At first, the Navy used Lake Norconian as a Naval hospital throughout both World War II and the Korean War—and kept many of its original features intact, including the pavilion and boat house.



But at the end of the Korean War, any remaining patients were transferred out either to Long Beach or Balboa Park in San Diego, and other Navy divisions (like the Ordnance Laboratory) moved in. The hospital officially closed for business on October 15, 1957.



And at the center of it all has been the 800 square foot hotel of the original resort, with its ballroom, casino, dining hall, and lots of rooms.



With no use for it any longer, the Navy transferred its ownership to the State of California in 1962, when it became the "California Rehabilitation Center," a narcotics addiction recovery center (and, at the time, an alternative to imprisonment).



In the 1980s, corrections pretty much took over rehab, and the luxury hotel became a medium-security state prison for felons.



Although many of the areas of the landmark structure have been abandoned, there are still 3100 inmates at CRC—some of whom get recruited into firefighter training to help out with the Norco Conservation Camp's efforts in fire prevention and response.



One local group of preservationists, the Lake Norconian Club Foundation, have been trying for years to get into that old hotel to fix the water damage and seal the leaks...



...and it's only just recently that it's looked like they'll actually be able to get access to it.


Above: The chauffeurs' and maids' quarters (left) and the Garage / Laundry building (right)

Meanwhile, outside of the correctional facility fence—and within the boundaries of the military base—are other Spanish Colonial Revival vestiges from the original Lake Norconian Club, designed by LA architect Dwight Gibbs...



...many of which are now being used for top-secret science and engineering missions.



Most of the people who are normally on the base aren't actually military officials, but rather civilians and defense contractors who evaluate Naval weapons that have been developed for undersea warfare. (Hence, ships.)



And while there wasn't much activity during my visit, it's clear that security is pretty tight. There were Navy officers stationed at any opportunity I might've had to wander off, including at the World War II-era gatehouse at the Fifth Street entrance.



Of course, that's exactly where I'd want to wander off—right into the old "Corpsmen's Quarters" from 1943-4, where the medical unit staff members resided.



Many of the structures built in the World War II era were designed in the Spanish Colonial Revival style by Claud Beelman to match the hotel and are a rare example of a Naval hospital from the time that were built to be permanent. But in favoring function over form, they're less flashy than some of the LA architect's other landmark works (which include The Culver Hotel, the Eastern Columbia Building, and the Park Plaza Hotel).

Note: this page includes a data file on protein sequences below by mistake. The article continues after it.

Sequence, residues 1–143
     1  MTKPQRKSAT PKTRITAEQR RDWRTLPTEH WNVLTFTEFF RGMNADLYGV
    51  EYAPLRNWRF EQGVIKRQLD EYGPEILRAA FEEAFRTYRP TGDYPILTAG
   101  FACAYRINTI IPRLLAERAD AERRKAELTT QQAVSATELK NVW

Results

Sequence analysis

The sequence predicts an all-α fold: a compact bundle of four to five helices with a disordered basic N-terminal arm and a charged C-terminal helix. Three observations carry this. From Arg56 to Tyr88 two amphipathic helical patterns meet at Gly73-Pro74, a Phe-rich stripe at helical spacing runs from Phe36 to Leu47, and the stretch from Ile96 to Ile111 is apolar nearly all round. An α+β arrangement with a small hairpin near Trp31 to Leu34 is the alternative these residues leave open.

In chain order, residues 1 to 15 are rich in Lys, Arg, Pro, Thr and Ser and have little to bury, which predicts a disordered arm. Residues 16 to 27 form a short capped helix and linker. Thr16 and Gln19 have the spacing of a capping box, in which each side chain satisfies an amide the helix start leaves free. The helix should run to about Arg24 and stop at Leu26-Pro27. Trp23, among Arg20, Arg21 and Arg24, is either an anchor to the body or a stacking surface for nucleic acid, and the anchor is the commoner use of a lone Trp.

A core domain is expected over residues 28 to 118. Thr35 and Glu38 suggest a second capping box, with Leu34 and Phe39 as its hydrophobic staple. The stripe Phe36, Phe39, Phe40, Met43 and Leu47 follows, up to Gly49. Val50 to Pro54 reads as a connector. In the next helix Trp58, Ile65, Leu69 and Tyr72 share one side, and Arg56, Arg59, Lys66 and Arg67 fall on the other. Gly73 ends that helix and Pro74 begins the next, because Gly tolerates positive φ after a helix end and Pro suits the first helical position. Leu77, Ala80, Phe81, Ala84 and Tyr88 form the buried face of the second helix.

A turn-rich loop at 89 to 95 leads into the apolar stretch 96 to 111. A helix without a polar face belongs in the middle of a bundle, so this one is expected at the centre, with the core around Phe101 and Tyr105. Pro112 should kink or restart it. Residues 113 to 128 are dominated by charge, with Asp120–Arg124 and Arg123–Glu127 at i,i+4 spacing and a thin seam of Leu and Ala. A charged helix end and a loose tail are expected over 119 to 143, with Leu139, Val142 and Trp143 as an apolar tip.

But when it comes down to it, the historical significance of some of the structures on the property isn't so much about their architecture—say, a box clad in stucco on a concrete slab—but rather what once happened inside of them.



Whether it was used to store animals for lab testing or just a gardener's shed from World War II, that's likely what will determine whether the building is a contributor to the proposed Hospital Era Historic District.



There are actually two historic districts being proposed: the "Resort Era" and "Hospital Era." Some structures—and elements like the lake—are considered contributors to both.



Recreational boating and fishing were a major aspect of both resort life and rehabilitation (mental as well as physical).



And it looks like there are still fish for catching (and releasing) even today.



But those who once frequented Lake Norconian—Clark Gable, Buster Keaton, Bob Hope, Spencer Tracy, and the like—in its Resort Era are a far cry from who you'll find there on the Navy base today (in whichever era this period of time ends up becoming known as).

Many of today's NSWC Corona Division denizens are scientists, engineers, and other technicians who assess the war fighting capabilities of both ships and aircraft and of various defense systems (even theoretical ones) like surveillance, communications (including telemetry), tracking, power, and safety.

And then there are, of course, the inmates.

How long will they all get to enjoy this historic property, while the rest of the world looks on?

Isn't there a certain obligation to share it with the public?

Do we have to wait until the base becomes decommissioned and declassified before we ever really get to see it?

Related Posts:
To the Finish Line
Photo Essay: Boeing Rocketdyne Santa Susana Field Lab, Declassified & Decontaminating
Photo Essay: Ancient Petroglyphs Secured Inside a Navy Weapons Testing Station
Photo Essay: Joint Forces Training Base (Former Naval Air Station), Los Alamitos
Photo Essay: Abandoned Naval Housing, Western Avenue
Photo Essay: Amongst the Abandoned at the Veterans Administration, LA